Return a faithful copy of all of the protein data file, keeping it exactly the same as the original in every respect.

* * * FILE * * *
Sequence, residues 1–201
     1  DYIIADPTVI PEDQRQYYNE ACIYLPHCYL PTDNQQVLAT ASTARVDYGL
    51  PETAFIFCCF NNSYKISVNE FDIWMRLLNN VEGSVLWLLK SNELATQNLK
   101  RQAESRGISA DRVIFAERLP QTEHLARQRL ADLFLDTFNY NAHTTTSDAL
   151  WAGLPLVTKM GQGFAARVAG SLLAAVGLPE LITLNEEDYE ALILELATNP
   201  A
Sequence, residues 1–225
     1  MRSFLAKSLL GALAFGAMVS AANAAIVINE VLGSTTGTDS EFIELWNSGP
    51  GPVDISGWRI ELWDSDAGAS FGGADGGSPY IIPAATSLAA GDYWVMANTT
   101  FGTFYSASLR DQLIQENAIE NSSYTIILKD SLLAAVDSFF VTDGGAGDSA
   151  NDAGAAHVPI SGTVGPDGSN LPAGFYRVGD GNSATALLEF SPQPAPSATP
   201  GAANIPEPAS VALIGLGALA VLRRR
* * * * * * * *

Sequence, residues 1–201
     1  DYIIADPTVI PEDQRQYYNE ACIYLPHCYL PTDNQQVLAT ASTARVDYGL
    51  PETAFIFCCF NNSYKISVNE FDIWMRLLNN VEGSVLWLLK SNELATQNLK
   101  RQAESRGISA DRVIFAERLP QTEHLARQRL ADLFLDTFNY NAHTTTSDAL
   151  WAGLPLVTKM GQGFAARVAG SLLAAVGLPE LITLNEEDYE ALILELATNP
   201  A
Sequence, residues 1–225
     1  MRSFLAKSLL GALAFGAMVS AANAAIVINE VLGSTTGTDS EFIELWNSGP
    51  GPVDISGWRI ELWDSDAGAS FGGADGGSPY IIPAATSLAA GDYWVMANTT
   101  FGTFYSASLR DQLIQENAIE NSSYTIILKD SLLAAVDSFF VTDGGAGDSA
   151  NDAGAAHVPI SGTVGPDGSN LPAGFYRVGD GNSATALLEF SPQPAPSATP
   201  GAANIPEPAS VALIGLGALA VLRRR